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Found more specifications at https://www.gsmarena.com/apple_iphone_11-9848.php The focal length for a wide video is 26mm, 1/2.55 sensor width and pixel size 1.4nm. I have found: https://www.vision-doctor.com/en/camera-calculations/sensor-diagonal-sensor-ratio.html. I simply put in the video's pixel width and height (3840 x 2160) and the pixel size (1.4nm). ...


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The trick is to select the curve then in Object data properties change the Twist Method from Minimal to Z-Up (screenshot). Thanks to Christopher Bennet for posting the response here.


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You can enable or disable the Depth of Field in Viewport Shading by going into the Viewport Shading settings. Click on the down facing arrow button on the right of all the shading styles in the top right of the screen. The Depth Of Field settings is at the bottom of the settings.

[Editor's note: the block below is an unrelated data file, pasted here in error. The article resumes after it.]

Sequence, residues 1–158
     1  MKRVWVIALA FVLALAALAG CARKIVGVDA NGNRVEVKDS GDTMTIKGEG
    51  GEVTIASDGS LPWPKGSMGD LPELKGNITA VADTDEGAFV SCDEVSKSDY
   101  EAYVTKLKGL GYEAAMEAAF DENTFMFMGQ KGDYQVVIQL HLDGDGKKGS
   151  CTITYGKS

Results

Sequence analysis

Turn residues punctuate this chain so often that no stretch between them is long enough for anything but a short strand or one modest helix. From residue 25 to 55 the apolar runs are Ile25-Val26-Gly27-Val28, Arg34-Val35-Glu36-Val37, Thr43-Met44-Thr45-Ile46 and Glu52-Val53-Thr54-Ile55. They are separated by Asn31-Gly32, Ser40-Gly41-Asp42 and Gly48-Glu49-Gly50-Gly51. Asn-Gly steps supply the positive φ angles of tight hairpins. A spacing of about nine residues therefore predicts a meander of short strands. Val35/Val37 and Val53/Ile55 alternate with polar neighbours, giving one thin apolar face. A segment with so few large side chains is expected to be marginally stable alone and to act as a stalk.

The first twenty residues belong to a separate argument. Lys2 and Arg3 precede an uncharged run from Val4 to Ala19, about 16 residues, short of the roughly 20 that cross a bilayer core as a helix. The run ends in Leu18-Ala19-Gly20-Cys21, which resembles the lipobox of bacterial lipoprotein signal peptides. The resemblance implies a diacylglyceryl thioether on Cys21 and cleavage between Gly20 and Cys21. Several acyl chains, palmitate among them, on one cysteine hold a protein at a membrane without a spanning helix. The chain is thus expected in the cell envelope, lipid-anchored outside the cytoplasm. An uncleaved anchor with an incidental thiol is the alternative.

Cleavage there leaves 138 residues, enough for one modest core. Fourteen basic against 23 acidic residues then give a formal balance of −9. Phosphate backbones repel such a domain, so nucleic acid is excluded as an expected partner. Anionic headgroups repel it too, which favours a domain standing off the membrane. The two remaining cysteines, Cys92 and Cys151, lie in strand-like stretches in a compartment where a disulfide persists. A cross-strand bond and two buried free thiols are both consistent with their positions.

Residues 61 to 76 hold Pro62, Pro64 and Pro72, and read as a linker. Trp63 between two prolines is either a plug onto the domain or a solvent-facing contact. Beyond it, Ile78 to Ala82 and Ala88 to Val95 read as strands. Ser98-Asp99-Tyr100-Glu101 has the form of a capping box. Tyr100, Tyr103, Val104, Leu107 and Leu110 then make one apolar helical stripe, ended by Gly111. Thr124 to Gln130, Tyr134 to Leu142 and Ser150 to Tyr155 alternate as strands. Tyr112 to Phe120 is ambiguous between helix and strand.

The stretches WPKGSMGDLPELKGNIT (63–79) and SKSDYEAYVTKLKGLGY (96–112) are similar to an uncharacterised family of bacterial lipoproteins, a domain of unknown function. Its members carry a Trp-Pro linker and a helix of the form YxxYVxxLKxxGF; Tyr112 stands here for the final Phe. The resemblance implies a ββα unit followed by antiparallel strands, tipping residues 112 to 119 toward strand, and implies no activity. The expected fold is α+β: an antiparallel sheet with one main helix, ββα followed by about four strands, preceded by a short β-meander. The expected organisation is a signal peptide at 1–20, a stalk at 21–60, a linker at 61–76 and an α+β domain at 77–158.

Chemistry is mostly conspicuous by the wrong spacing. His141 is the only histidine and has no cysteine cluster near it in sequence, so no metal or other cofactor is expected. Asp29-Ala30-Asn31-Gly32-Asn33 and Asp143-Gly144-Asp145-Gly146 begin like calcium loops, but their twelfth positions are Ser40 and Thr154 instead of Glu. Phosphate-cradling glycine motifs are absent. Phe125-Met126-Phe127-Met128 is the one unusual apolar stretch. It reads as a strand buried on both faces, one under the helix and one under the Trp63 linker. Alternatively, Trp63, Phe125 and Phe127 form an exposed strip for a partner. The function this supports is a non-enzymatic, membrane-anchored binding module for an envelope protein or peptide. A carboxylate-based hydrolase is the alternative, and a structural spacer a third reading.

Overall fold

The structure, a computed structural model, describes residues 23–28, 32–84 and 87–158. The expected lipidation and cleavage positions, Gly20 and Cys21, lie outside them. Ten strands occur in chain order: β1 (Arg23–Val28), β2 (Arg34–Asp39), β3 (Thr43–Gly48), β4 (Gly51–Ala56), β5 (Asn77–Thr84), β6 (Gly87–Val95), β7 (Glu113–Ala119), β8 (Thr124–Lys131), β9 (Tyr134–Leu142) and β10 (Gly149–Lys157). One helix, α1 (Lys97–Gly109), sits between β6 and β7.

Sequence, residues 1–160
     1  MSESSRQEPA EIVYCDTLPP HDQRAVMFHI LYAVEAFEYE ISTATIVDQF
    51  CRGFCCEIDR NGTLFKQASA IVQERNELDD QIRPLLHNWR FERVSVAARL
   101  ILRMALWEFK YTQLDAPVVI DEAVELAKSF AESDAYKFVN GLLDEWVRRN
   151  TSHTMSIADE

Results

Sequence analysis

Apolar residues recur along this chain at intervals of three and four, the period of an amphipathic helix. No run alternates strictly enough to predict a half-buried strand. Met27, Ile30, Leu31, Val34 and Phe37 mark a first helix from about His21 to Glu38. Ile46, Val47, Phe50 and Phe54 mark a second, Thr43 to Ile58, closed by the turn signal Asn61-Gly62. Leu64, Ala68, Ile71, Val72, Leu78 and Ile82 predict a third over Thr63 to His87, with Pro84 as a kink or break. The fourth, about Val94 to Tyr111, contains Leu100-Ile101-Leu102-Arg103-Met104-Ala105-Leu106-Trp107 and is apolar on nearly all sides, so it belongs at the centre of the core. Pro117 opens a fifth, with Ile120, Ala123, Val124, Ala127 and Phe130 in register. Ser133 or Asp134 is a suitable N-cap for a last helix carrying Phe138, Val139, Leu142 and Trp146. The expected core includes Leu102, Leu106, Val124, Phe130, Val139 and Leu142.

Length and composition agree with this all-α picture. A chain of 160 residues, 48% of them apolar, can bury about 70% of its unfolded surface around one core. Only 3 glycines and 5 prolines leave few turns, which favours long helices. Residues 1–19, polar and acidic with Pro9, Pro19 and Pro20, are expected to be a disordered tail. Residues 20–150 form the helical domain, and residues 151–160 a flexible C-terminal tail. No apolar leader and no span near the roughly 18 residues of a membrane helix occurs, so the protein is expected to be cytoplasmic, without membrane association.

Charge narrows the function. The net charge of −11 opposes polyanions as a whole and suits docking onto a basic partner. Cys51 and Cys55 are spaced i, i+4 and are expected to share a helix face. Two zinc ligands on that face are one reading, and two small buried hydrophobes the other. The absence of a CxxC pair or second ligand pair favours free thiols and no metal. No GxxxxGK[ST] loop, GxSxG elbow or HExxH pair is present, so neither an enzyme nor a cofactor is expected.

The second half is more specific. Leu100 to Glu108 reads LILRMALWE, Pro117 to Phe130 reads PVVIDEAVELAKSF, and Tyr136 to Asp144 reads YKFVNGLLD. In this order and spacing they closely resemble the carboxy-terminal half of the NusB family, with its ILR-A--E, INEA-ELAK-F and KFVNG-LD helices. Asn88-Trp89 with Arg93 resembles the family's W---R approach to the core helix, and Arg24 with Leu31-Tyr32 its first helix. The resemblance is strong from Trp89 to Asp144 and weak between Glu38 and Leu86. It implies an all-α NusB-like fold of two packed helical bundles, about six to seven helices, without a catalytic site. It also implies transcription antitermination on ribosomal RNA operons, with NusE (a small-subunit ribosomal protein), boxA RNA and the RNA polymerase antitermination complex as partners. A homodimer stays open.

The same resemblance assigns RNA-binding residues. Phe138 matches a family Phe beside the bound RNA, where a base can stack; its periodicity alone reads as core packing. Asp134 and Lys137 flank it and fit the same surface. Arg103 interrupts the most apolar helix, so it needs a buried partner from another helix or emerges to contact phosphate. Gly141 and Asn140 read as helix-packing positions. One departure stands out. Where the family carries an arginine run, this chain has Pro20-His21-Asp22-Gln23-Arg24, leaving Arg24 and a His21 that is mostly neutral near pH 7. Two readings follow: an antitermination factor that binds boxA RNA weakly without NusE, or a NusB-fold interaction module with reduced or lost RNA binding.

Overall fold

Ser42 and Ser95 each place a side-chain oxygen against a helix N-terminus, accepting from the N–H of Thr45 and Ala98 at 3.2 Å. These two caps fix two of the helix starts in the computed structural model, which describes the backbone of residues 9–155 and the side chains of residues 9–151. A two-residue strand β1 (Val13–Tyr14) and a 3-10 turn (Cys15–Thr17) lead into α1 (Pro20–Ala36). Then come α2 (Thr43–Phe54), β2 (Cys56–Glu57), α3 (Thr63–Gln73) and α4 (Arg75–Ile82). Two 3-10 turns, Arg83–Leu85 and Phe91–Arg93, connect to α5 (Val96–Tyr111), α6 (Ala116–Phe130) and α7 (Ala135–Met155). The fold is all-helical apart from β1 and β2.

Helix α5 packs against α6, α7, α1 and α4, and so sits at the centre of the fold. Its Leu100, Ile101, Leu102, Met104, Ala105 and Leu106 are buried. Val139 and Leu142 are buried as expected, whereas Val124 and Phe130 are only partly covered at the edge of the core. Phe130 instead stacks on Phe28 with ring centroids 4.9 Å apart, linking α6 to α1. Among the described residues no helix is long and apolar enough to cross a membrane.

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Path-following Camera - Use a cube, either visible or invisible as the path object. Add a line between two diagonally opposed corner vertices and subdivide that. Set the cube's Origin point to that. (with SH-S) (Shouldn't be necessary, but... ) Parent the camera to that vertice ONLY. Select the cube, then the camera, go into Edit mode and select the ...


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the script automatically creates the directories with your cams names. If it is already there, the script just puts the animated pics in these folders. check this out: import bpy import os scene = bpy.context.scene oldPath = bpy.context.scene.render.filepath for ob in scene.objects: if ob.type == 'CAMERA': bpy.context.scene.camera = ob ...